Powerball dreams, Canada? A U.S. law could get in the way

A little-known U.S. law is creating confusion for Canadians crossing the border to purchase tickets for the record Powerball lottery jackpot draw.

See Full Article

Like thousands of other Canadians, Lisa Yuen, a resident of Burnaby, B.C., headed across the border last week, to buy tickets ahead of the last Powerball draw held Saturday.

But Yuen was surprised when she received a strict warning from a U.S. border guard, about a law of which she'd never heard.

"We got a bit of a lecture from the border guard, saying that you can buy a ticket, but you can't take it back into Canada and then come back to the United States," she told CTV Vancouver.

U.S. law does not forbid foreigners from buying tickets or winning the lottery, and according to the Powerball website, "You do not have to be a citizen or a resident to play the game. You can be a tourist."

But if a Canadian buys a ticket, takes it home, and then tries to bring it back into the United States, they risk violating a law that forbids importing "immoral articles."

According to the law, "all persons are prohibited from importing into the United States from any foreign country any … lottery ticket, or any printed paper that may be used as a lottery ticket, or any advertisement of any lottery."

The same law also forbids importing material that advocates for or urges treason, or threatens to take the life of or inflict bodily harm upon any person in the U.S.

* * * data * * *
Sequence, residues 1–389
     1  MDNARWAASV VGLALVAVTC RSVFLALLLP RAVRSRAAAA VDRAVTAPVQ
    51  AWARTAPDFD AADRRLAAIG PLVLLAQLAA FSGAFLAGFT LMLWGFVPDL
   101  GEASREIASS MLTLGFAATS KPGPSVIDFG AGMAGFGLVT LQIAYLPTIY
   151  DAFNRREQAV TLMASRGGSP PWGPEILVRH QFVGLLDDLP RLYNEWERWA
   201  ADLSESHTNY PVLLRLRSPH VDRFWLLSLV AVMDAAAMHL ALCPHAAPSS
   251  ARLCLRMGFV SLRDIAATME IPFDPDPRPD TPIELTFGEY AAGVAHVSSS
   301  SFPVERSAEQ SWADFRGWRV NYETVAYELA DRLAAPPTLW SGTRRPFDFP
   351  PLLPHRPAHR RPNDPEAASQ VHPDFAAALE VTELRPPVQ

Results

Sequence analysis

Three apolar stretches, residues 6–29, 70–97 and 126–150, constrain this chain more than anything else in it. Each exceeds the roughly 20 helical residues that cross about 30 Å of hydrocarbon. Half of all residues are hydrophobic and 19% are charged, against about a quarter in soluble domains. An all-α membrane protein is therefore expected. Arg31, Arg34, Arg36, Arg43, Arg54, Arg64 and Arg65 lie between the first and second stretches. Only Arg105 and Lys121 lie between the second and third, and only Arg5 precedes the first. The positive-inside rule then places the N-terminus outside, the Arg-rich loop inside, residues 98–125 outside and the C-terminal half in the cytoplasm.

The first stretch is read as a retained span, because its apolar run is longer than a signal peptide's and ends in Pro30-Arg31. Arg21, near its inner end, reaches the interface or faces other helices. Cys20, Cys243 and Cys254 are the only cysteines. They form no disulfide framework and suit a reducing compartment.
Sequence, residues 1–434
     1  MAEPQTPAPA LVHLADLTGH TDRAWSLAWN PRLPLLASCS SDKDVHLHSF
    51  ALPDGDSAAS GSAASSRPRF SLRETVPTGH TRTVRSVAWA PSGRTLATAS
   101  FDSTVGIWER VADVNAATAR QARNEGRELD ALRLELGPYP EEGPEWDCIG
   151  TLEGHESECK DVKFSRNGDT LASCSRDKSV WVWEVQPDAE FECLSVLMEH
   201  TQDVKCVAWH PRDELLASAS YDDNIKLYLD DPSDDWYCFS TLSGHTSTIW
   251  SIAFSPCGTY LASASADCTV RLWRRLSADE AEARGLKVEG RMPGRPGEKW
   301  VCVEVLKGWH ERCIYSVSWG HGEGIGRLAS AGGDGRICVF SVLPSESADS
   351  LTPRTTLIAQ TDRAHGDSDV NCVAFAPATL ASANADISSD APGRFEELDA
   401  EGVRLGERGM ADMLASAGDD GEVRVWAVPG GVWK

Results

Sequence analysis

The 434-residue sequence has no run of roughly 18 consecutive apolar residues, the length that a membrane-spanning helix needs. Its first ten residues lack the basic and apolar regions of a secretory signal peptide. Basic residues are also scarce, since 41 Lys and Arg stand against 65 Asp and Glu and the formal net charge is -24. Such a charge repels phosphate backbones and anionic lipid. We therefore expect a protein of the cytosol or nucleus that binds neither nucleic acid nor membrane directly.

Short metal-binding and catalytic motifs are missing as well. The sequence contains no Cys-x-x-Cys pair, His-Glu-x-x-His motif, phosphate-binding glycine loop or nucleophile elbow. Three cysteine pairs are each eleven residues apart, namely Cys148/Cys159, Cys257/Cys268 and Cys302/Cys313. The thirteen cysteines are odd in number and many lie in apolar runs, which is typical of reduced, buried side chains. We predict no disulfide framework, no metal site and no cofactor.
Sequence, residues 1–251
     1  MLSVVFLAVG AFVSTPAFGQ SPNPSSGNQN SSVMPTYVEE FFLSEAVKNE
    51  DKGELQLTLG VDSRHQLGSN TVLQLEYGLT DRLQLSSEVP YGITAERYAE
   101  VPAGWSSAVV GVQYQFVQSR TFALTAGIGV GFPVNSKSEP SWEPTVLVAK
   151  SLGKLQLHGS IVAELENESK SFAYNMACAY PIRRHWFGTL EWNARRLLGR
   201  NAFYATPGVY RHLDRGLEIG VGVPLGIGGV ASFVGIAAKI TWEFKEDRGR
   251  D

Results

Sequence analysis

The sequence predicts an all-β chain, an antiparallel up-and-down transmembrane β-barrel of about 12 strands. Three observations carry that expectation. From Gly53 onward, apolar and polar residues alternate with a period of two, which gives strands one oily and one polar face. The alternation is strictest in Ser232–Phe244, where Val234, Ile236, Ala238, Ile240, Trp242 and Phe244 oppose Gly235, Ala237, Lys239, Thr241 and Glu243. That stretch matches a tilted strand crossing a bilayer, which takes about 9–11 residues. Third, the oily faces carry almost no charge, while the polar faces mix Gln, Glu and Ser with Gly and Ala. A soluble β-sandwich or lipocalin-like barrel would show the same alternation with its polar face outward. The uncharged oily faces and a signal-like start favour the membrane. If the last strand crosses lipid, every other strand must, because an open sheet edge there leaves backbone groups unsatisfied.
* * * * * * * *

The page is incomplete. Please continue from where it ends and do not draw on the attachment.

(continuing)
And though the lottery section of the rules may seem obscure, Yuen wasn't the first Canadian to run into the issue.

In December, U.S. border guards seized nine B.C. lottery tickets from a man trying to cross the border, and confiscated his Nexus card during the incident.

Ahead of the Powerball draw Wednesday, for a jackpot estimated to be at least US$1.4 billion, the rule is raising questions for lottery players and officials on both sides of the Canada-U.S. border.

"It is concerning," Jana Jones, the director of legal services at Washington's Lottery, said. "It appears the Washington border patrol is not allowing Canadians to bring (tickets) back in."

When asked if border officials would be able to seize a jackpot-winning ticket, she replied "It appears so."

Still, the law isn't stopping thousands of Canadians from trying their luck.

After buying $34 worth of tickets in her cross-border trip last week, Yuen said that, for her, the $1.4B jackpot is worth the risk.

"It's a chance I'm willing to take," she said.

With files from CTV Vancouver



Advertisements

Latest Canada & World News

  • Here's how Moose Jaw will welcome the Snowbirds home

    Canada News CTV News
    REGINA -- The Snowbirds team is scheduled to return to their home base at 15 Wing Moose Jaw on Monday afternoon, and the city is rallying together to create visual displays of support following the death of Cpt. Source
  • Environmental advocates concerned by Alberta's new rules for coal mining

    Canada News CTV News
    TORONTO -- Upcoming changes to Alberta's coal regulations are expected to create hundreds of jobs in the province, but environmental advocates worry that the work will come at the expense of the ecosystem alongside the Rocky Mountains. Source